Back when Bean started solid food, I posted my plan to do the homemade baby food thing. After struggling with two of the pickiest eaters ever born, I hoped that making Bean’s food would help avoid a repeat of the epic toddler food wars. My reasoning was simple: jarred baby food tastes like ass, and if I won’t eat it, why would I expect my kid to choke it down with a smile on her face? Not to mention that fresh food is probably better for her than crud that’s been hibernating on the store shelf for months on end.
Though it is extra work now and then, the homemade baby food plan is a success thus far. Bean will eat anything I put in front of her, and now that she is older, I mostly just feed her whatever we are eating (after a few pulses in the food processer). Last week she plowed through chicken and dumplings, King Ranch Mac and Cheese and fresh pineapple with Greek yogurt. She’s already consumed more fruits and vegetables in five months than her brothers did in their first five years. Maybe, just maybe, I won’t have as theatrical of a battle with her as I do with the rest of my brood.
In my never-ending quest to get less fat, I’m always trying to find the balance with my family and food. I don’t want to be the cliché mom who tries to force her diet onto her family, or drag everyone along on my “get healthier” bandwagon. For that matter, I’m not really into the “diet” concept either; I like to eat and my love of cheese, chocolate and fried anything will never be denied. However, I’ve slowly been tweaking our everyday food choices and preparations in order to find a happy medium between my desire for slightly better nutrition, and their inherent distrust of anything not nugget shaped. I steam or roast veggies, while having a lighter hand with the butter or oil. I stopped buying canned vegetables (with the exception of Le Sueur peas, lest the Heathens riot), and stick with fresh or frozen. Even if it makes me the meanest mom ever, I limit the Heathen’s treats and soda intake, because I want them to learn the concepts of portions and moderation. I’m not opposed to the treats, but they need to realize the difference between a “treat” and everything else they eat.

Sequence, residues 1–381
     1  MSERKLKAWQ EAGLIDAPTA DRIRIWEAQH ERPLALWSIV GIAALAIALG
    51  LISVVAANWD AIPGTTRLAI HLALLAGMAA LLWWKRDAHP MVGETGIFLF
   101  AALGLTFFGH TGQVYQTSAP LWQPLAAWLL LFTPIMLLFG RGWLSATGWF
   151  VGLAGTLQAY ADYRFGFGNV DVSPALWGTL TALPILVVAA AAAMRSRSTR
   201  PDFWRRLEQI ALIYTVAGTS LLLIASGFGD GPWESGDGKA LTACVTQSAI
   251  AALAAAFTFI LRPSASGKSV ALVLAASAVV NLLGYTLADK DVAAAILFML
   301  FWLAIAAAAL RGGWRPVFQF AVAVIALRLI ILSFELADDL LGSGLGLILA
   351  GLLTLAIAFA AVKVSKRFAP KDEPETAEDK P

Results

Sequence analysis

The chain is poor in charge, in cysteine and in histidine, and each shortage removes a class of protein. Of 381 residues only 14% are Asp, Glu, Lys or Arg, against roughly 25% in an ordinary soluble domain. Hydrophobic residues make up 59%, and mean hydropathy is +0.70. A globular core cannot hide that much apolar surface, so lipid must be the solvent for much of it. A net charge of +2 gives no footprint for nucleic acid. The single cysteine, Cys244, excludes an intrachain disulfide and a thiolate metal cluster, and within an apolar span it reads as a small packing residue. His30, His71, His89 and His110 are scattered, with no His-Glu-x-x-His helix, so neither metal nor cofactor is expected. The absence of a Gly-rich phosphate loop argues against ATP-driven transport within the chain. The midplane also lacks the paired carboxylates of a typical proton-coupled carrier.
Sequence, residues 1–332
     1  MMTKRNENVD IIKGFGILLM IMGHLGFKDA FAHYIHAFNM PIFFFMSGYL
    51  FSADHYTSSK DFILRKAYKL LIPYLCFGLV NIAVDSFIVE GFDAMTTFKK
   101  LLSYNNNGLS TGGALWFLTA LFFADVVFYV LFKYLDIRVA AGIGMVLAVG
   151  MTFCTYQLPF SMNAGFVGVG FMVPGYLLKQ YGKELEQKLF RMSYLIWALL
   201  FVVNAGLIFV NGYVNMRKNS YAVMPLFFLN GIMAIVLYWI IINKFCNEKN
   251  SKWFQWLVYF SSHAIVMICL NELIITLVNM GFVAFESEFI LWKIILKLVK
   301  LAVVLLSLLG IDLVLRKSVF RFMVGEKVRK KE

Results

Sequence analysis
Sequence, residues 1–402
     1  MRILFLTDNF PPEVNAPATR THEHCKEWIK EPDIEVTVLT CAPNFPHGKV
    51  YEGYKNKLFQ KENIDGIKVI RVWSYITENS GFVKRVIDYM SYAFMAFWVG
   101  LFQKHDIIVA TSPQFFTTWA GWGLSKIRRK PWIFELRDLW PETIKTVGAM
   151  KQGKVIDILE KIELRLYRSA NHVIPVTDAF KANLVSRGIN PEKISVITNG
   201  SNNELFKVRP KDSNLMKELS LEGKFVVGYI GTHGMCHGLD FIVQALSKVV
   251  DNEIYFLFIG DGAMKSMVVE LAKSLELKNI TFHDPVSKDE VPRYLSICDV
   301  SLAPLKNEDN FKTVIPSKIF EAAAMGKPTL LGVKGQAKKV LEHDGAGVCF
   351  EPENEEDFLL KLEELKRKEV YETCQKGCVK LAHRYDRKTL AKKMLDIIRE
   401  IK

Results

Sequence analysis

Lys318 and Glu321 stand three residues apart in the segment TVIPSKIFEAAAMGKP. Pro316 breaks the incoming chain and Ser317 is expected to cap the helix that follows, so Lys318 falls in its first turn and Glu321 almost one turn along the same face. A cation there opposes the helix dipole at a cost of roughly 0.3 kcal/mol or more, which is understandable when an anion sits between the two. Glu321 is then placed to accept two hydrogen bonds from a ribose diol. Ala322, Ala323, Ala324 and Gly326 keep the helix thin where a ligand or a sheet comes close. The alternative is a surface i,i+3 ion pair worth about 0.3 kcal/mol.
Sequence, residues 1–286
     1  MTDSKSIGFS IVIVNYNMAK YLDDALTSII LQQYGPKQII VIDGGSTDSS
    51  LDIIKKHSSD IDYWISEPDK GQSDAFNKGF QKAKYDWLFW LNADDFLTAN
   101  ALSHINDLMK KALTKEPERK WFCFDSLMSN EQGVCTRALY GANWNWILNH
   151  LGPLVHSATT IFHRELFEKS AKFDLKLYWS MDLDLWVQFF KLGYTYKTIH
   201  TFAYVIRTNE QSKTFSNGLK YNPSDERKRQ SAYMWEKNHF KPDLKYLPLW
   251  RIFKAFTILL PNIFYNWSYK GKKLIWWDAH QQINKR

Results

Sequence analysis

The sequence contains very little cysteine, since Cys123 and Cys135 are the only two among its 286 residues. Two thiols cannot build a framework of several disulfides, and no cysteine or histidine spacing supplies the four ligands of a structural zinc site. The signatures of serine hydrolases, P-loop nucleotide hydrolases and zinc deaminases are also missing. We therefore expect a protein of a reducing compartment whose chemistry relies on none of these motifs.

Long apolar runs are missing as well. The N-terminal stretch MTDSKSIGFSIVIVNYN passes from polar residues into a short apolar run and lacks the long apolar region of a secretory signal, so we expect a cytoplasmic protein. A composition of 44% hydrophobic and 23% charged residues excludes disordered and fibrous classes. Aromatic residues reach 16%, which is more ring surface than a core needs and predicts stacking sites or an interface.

As for Bean, every time she tries a new food, only to plow through it a light speed, I breathe another sigh of relief. This homemade baby food experiment has been completely worth the effort, and the fact that I’m not blowing money on jar after jar of yucky crap makes my budget a little bit less sad. But then, I open my electric bill and my budget gets suicidal…but that’s another story.